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Tuesday, 5 June, 2001, 11:32 GMT 12:32 UK
CD download deal for EMI
Robbie Williams
Robbie Williams is one of EMI's biggest artists
Music giant EMI is to allow internet users to "burn" music from artists such as Robbie Williams and The Beatles onto blank CDs.

The move will be possible after a deal announced on Tuesday with software company Roxio.

All downloads would be authorised before copying can go ahead, with artists properly compensated.

The move is being viewed as a way for EMI to cut manufacturing and distribution costs in the wake of its failed merger with German rival BMG.
Beatles record cover
EMI owns the Beatles' back catalogue

The future of digital distribution could cut out the need for getting CDs into shops, but EMI has admitted revenue for this project will initially be low.

It is also an attempt to protect against unauthorised reproduction of copyrighted material from high-profile websites such as Napster.

The new CD burning technology will allow users to download music from the EMI catalogue and play them back using existing CD players.


No decision has yet been made on a pricing structure for downloading and burning tracks.

EMI Recorded Music Senior Vice-President, New Media, Jay Samit said: "By partnering with a market leader such as Roxio, EMI will work to develop ways for consumers to easily record authorised music onto recordable CDs.

"Co-operation between technology companies and the music industry is at the core of our plans to develop new revenue streams for our artists."

Oxford band Radiohead are signed to EMI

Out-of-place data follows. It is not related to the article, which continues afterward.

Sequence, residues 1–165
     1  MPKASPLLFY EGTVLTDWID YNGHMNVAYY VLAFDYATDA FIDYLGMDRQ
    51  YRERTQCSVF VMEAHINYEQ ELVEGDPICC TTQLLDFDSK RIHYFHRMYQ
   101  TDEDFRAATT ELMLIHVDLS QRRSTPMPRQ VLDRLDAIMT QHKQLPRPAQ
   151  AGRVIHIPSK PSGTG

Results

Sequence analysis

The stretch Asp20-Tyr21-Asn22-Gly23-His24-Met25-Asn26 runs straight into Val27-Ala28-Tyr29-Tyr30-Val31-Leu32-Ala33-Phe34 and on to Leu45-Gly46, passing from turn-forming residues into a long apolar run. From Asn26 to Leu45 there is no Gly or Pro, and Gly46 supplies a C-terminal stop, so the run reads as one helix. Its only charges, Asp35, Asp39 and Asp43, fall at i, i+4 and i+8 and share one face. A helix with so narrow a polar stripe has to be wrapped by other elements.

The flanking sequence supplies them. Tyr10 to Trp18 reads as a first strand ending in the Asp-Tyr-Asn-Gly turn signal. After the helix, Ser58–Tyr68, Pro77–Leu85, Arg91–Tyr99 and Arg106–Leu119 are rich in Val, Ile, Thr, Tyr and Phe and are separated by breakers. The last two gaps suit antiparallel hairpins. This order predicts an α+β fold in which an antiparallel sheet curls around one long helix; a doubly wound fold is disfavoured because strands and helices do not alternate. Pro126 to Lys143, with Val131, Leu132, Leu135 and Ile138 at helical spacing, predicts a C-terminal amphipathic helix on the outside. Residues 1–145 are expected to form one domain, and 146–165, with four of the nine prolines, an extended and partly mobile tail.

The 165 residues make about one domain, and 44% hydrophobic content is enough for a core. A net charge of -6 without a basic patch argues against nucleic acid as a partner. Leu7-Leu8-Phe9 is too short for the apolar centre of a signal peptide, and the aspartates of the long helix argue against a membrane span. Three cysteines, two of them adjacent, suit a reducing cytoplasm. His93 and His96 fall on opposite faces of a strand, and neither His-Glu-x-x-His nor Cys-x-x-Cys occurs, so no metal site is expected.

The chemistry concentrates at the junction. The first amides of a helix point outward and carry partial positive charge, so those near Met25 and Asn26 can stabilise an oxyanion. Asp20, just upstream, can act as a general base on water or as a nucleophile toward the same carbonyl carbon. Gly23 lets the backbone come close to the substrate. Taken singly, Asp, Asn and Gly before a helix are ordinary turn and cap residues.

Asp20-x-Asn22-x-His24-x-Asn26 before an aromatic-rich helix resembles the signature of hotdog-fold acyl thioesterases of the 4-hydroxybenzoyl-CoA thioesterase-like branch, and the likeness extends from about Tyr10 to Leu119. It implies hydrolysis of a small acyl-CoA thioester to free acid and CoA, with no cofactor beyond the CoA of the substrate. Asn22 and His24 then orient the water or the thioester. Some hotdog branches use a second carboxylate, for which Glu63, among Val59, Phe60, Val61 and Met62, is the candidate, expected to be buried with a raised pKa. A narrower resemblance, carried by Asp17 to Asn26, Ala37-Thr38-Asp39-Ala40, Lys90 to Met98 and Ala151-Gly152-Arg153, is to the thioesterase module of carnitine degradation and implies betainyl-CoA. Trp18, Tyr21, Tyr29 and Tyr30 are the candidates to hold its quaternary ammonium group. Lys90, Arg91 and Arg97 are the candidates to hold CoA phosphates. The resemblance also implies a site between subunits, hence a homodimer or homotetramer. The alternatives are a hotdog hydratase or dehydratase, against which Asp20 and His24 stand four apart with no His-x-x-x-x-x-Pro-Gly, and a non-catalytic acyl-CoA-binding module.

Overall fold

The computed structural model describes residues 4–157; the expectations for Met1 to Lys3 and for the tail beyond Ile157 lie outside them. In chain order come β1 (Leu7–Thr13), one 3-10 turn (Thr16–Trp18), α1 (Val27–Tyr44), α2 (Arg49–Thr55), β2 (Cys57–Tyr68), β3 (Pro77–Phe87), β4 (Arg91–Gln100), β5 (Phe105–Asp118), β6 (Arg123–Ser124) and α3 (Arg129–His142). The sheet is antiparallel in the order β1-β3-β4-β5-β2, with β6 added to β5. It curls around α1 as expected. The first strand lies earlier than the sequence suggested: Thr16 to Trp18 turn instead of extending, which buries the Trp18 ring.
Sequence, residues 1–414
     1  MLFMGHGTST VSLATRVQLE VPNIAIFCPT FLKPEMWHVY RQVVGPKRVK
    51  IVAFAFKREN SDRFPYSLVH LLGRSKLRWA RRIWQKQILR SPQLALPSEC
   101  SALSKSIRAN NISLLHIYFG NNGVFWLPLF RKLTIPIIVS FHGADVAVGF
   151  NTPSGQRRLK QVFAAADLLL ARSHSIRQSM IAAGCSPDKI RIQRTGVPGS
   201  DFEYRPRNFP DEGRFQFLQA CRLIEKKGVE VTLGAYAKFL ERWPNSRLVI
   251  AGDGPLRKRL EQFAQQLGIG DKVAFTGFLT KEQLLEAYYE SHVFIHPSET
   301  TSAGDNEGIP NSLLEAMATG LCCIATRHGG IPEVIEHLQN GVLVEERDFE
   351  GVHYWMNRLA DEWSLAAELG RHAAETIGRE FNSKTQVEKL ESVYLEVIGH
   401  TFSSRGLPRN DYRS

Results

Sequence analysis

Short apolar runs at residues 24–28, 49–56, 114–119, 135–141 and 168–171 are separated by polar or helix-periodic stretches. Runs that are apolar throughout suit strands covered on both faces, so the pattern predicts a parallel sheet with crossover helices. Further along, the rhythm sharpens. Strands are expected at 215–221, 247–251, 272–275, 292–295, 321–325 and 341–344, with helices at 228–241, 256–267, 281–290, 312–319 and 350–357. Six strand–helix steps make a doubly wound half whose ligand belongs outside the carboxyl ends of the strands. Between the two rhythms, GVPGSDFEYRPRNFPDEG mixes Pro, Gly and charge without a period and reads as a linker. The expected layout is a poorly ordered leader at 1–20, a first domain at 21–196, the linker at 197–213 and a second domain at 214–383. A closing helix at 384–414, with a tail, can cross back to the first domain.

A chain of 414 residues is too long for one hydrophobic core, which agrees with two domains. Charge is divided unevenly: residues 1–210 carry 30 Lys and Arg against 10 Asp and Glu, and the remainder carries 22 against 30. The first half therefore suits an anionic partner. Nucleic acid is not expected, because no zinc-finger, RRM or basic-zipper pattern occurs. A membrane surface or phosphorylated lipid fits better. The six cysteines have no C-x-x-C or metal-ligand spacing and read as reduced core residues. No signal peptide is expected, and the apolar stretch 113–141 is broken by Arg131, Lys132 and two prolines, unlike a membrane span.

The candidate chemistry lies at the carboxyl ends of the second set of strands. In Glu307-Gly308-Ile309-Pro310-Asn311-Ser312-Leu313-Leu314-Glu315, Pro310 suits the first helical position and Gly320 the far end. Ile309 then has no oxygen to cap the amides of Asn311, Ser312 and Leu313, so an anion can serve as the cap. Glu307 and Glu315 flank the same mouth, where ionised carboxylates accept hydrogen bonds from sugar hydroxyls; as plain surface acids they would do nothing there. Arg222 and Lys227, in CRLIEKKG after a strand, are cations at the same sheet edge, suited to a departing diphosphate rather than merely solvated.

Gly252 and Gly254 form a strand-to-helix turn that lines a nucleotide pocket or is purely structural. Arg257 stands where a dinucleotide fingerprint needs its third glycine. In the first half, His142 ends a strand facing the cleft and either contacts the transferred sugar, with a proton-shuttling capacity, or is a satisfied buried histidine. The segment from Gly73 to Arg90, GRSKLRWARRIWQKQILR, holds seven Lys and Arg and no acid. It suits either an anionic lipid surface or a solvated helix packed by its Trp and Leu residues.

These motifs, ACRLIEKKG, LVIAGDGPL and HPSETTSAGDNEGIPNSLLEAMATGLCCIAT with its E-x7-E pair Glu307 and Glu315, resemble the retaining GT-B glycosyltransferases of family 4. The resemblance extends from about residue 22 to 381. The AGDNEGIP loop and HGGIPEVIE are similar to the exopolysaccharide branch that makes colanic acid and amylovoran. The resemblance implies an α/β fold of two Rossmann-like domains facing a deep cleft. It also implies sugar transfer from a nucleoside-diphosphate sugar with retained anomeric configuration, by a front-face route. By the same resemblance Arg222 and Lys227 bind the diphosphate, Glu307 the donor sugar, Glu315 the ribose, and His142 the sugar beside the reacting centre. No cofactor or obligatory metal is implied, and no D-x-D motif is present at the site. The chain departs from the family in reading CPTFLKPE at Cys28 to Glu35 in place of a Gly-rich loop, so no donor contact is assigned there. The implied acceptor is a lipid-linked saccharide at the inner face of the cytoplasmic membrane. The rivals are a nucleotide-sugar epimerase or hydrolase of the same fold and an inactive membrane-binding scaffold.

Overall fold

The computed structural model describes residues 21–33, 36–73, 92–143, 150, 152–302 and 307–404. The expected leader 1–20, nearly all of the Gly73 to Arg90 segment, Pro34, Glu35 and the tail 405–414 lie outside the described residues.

The business relationship will see EMI act as strategic advisors while Roxio will provide its technology and multiple distribution channels.

California-based Roxio is a leading company in technology for CD burning software.

New venture

It also creates system recovery software, enabling lost data to be restored.

The agreement also sees EMI make an equity investment in Roxio.

EMI, AOL TimeWarner, Bertelsmann announced in April they were backing new service MusicNet, in a venture with RealNetworks, the maker of an internet-based music and video player.

Each company will own a minority stake in MusicNet and their record labels - EMI Recorded Music, BMG Entertainment and Warner Music Group - will licence their music catalogues via the company.

The service should be available later this year.


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See also:

01 May 01 | Business
Giant music merger collapses
21 Nov 00 | Business
Profits fall at EMI
05 Oct 00 | Business
EMI, Time Warner abandon merger
09 Aug 00 | Business
EMI dismisses price-fixing claim
15 Jul 00 | Business
EMI tests web music sales
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